HP may have made a big mistake when purchasing WebOS from Palm and when they severely overestimated their TouchPad (which has been discontinued practically right away, but the remaining stock that resells for $99 got a second life thanks to the unofficial Android port), but if there’s one thing they’re still good at (and always have been), it’s making servers, laptops and desktop computers, especially machines for the corporate market, which have to be reliable, durable and stable.
When they announced the HP Slate, everybody thought it would be a failure, but it turned out to be quite successful with corporations and individuals who needed a reliable, rugged Windows tablet that runs all of their apps and is secure. It’s now known as the Slate 500, and it sells pretty well, with glowing reviews from its users. If you ever held one in your hands, you’ll know that it’s also pretty well made – its metal frame makes it sturdy as a rock and the glass covering the screen seems to be unscratchable. And right now, HP has announced the successor – the Slate 2, which features improved internal specs, as well as multitouch support and a Swype-style keyboard input method.
The new Slate 2 looks pretty much the same as the previous model – it has the same gray metal frame around the housing, with an 8.9 inch touch screen on the front and a sturdy plastic cover on the back, which is now just plain matte and flat, unlike the Slate 500’s textured one.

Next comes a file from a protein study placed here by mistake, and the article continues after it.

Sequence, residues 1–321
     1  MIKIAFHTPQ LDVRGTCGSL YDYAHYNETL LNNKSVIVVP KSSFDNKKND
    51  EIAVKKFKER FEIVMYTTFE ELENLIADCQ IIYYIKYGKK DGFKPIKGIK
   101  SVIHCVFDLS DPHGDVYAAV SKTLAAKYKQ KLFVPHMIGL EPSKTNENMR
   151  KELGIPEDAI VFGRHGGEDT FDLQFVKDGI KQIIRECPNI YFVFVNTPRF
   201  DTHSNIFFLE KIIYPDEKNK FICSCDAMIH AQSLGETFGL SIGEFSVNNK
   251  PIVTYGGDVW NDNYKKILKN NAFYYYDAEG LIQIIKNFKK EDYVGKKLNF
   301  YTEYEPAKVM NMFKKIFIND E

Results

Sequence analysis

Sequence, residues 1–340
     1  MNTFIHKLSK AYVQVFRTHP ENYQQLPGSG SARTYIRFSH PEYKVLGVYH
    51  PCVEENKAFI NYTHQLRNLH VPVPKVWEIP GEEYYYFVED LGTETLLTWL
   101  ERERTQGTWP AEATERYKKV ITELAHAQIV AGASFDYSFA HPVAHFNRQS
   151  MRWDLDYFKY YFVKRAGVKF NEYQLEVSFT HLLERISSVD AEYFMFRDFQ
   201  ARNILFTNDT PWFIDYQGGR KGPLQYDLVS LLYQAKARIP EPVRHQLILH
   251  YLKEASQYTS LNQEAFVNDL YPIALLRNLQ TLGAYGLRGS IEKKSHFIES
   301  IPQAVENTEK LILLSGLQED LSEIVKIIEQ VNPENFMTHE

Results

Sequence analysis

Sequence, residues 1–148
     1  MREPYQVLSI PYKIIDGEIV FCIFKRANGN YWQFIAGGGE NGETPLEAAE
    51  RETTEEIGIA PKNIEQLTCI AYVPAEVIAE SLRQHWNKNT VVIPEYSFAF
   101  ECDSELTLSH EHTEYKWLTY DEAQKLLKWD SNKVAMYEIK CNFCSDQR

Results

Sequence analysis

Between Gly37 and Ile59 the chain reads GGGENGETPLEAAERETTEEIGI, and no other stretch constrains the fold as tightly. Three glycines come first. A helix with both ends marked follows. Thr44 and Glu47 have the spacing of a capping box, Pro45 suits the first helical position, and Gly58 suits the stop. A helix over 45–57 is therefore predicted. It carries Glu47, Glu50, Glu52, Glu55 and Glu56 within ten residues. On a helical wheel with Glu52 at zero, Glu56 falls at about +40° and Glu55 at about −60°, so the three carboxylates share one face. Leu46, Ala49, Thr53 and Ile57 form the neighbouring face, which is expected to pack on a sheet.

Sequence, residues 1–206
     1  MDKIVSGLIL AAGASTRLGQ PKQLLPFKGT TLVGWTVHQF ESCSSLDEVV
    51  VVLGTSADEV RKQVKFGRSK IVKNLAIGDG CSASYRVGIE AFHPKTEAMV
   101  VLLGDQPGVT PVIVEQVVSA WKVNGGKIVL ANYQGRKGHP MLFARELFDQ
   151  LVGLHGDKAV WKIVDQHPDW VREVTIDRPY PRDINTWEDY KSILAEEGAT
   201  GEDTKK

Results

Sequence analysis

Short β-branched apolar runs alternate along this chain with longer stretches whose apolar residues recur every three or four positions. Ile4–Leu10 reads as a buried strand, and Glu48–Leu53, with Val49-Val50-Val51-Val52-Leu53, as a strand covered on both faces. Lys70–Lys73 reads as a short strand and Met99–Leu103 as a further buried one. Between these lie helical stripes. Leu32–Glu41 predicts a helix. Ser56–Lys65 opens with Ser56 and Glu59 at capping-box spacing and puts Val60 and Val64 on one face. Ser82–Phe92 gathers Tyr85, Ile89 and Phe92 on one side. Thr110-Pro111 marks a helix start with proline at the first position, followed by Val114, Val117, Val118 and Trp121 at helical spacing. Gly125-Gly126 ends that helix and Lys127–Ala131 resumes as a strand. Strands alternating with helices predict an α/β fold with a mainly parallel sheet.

The only change in the hardware is the new Intel Oak Trail platform, which features a single core, dual threaded 1.5 GHz Atom Z670 processor that has a better integrated graphics chip, as well as a faster memory controller. This processor is actually faster than the older 1.86 GHz Atom, despite it having a slower clock and consuming less power. The CPU is packed together with 2 GB of DDR2 memory running at 800 MHz, which is plenty fast for anything you might be doing on this slate. There’s also a 64 GB mSata SSD inside, which is faster than the onboard Flash storage on the previous model.
You can also extend that space using an SD card – thanks to the Windows OS, you can use cards of up to 128 GB in size or more (or just limit yourself with the faster class 6+ 32 GB models).
Other hardware specs include a front facing VGA camera for video calls and snapshots, a pretty good 3 megapixels unit on the back that can be used for taking photos and shooting video (not HD, though), a Gobi 3000 HSPA broadband modem for a cellular data connection, as well as a Wifi N and Bluetooth 4.0 adapters and SRS Premium sound with two stereo speakers.
In the package, buyers will receive the stylus, a leather case and a very nice looking dock that has two USB ports, which can be used for connecting a keyboard and mouse (plus a printer or external hard drive to the third USB port on the tablet itself).
Sadly, the tablet won’t be running Windows 8 when it ships, but there is the possibility of upgrade (it’s not locked down or anything, so users can even do it themselves), which will make the Slate 2 even better than before. Windows 7 isn’t a bad OS, either, but it’s a bit difficult to use with a small touch screen, and HP even replaced the default software keyboard with a better one that is always accessible using a hardware button on the side and supports swiping to type words – a method which many think is superior to the usual typing.
Overall, the Slate 2 looks pretty good, but it isn’t that much of an improvement over the Slate 500, so I’m guessing it’s made as a refresh for new buyers, not intended as an upgrade. Once Windows 8 comes out, the HP Slate will be the best tablet around for businesses and professionals, and even with Windows 7, it’s worth a look.